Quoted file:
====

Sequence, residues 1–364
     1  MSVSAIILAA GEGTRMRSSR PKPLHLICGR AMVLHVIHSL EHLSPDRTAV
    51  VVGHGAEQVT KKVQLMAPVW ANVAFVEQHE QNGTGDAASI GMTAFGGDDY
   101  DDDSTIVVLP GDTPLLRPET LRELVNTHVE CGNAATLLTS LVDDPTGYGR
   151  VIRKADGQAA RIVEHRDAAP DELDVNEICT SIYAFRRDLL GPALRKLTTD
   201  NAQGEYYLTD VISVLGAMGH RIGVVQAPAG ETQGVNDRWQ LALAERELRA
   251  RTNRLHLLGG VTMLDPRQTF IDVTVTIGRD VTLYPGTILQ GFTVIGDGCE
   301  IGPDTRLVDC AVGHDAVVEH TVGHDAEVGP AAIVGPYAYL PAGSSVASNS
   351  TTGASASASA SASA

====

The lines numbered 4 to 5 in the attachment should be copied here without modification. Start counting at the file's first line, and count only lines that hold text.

   101  DDDSTIVVLP GDTPLLRPET LRELVNTHVE CGNAATLLTS LVDDPTGYGR
   151  VIRKADGQAA RIVEHRDAAP DELDVNEICT SIYAFRRDLL GPALRKLTTD